Of course there are those who will never care for the law or the safety of others and will cause fatalities, but targeting the real issues to modify driver behaviour would certainly have a more positive impact on reducing road deaths than nailing some Joe Public who slips over the speed limit coasting down a hill.
Of course I write this with the hindsight of age, and figure any time I get caught now makes up for the numerous times I got away with it as a young bloke. Yes, I’m sounding like a hypocrite, but sometimes lessons are learned without the need for fines and points. Besides, distraction back then was a hot chick walking down the footpath or you flipping a cassette; you weren’t typing a spiel into your phone or posing for a selfie.
Back in the day we nicknamed a local stretch the ‘Samford Road Dyno’ for testing pre-Willowbank tune-ups. I cringe now when I reflect on what could have happened laying down full-power passes in everyday suburbia.
Sometimes I was that lucky it was just comical. One Saturday morning back in the mid-1990s my best mate Paul and I were scooting along Patricks Road at Arana Hills in Brisbane’s north-west. It’s a pretty straight stretch, but has a series of decent flowing hills that rise and fall like a sine wave. Police at the time were using EF-era unmarked XR6 Falcon sedans for mobile speed detection, with a cylindrical black radar unit hanging from the top of the right rear passenger window.
I had my Valiant hardtop nudging 70 in a 60 zone this particular morning, and sure enough, we came over a rise to see a white XR6 Falcon with a black thing at the right rear window coming towards us.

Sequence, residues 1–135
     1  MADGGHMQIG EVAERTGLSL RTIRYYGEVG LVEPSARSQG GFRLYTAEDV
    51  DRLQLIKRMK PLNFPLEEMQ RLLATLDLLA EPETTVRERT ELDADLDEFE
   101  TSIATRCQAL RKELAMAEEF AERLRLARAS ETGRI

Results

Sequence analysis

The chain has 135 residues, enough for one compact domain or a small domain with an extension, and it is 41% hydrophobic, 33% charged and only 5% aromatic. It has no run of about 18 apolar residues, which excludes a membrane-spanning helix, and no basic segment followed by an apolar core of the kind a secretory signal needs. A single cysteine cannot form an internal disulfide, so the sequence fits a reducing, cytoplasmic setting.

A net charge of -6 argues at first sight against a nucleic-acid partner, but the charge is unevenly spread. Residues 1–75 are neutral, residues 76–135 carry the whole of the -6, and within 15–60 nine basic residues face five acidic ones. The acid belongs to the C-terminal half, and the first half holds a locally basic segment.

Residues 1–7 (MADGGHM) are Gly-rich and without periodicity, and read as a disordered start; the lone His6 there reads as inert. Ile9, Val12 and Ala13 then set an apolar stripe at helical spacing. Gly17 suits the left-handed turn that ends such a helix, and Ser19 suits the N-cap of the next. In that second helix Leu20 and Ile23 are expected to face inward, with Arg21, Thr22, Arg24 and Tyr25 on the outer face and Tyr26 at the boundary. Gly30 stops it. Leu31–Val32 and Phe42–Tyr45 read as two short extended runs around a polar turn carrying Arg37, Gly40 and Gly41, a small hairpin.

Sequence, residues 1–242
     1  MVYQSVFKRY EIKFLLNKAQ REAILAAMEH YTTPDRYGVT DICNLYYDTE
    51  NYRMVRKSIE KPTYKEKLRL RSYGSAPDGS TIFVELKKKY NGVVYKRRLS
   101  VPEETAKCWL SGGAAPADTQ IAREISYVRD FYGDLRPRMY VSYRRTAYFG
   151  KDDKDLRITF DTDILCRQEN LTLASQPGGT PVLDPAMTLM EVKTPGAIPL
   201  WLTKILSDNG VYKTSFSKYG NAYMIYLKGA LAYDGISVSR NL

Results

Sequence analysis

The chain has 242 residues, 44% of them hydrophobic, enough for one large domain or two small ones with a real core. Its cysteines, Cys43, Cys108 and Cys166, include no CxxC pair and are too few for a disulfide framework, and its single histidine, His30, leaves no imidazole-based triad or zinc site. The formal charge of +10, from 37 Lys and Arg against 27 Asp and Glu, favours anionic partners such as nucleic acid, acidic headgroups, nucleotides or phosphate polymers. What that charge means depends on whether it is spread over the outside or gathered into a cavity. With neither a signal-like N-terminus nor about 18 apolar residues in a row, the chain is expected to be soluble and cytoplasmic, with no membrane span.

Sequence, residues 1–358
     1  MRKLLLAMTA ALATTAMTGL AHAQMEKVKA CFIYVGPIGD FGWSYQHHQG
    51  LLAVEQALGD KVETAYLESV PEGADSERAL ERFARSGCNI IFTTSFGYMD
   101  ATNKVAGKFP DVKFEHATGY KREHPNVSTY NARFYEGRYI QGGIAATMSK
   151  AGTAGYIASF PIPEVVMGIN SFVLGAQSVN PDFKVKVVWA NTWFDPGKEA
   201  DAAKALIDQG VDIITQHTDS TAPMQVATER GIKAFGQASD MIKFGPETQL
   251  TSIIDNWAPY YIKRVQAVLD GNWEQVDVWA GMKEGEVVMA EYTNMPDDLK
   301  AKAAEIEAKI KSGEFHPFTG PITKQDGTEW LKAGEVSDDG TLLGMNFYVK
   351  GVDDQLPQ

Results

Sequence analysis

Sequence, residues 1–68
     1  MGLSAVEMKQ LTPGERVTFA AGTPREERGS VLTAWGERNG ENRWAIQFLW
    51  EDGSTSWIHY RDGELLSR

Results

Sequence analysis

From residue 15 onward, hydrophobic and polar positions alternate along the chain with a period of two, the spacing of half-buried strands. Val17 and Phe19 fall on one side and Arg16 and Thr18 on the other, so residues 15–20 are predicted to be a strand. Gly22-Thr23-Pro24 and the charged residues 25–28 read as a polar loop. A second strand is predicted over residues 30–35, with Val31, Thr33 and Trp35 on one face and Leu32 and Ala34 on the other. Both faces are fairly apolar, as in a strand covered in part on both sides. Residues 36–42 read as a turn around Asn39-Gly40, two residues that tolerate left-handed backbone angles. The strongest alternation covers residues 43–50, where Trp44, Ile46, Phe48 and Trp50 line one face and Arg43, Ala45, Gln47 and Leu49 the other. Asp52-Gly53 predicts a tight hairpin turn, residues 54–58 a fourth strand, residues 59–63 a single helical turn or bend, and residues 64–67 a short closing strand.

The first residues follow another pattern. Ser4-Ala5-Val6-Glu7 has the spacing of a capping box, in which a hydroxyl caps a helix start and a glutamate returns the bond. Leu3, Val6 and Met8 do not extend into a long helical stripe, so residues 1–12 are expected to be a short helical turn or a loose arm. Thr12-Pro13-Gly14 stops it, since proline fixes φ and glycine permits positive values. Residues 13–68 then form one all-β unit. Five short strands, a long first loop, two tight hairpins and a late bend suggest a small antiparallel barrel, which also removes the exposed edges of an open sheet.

“Cops!” Paul yelled. I spotted the Falcon starting to brake, so I immediately hooked into the next left side street in a vain attempt to foil any radar beam.
Sadly, five metres of Valiant taking a 90-degree corner at questionable speed on a greasy road was always going to be fraught with danger, and we looped out immediately. Our 180-degree spin into that side street amazingly saw us stop near-perfectly in the gutter now facing Patricks Road, where I could see the front of the XR6 waiting to turn.
I let out a sigh and got ready to face the music for my stupidity. I was thankful that no other cars or people were put in harm’s way by my actions, and apart from some flat-spotted tyres, my Valiant survived unscathed.
Paul and I sat in stony silence; he knew I was screwed too. As the Falcon made that fateful turn through the lingering tyre smoke, I knew I was in for a speeding fine for sure, and probably a dangerous op charge as well.
But hang on; something was amiss. Why was this police officer wearing a floral dress, and what is that pink thing hanging off the radar?
Oh. As she drove by staring at us, we stared back, grinning like dickheads at this random lady in her XR6 with a dog in the back seat, its black head hanging out the half-open rear window, pink tongue flapping in the breeze.
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Street Machine is the bible of Aussie modified auto culture, celebrating wild muscle cars, customs and hot rods – and the incredible humans who create them.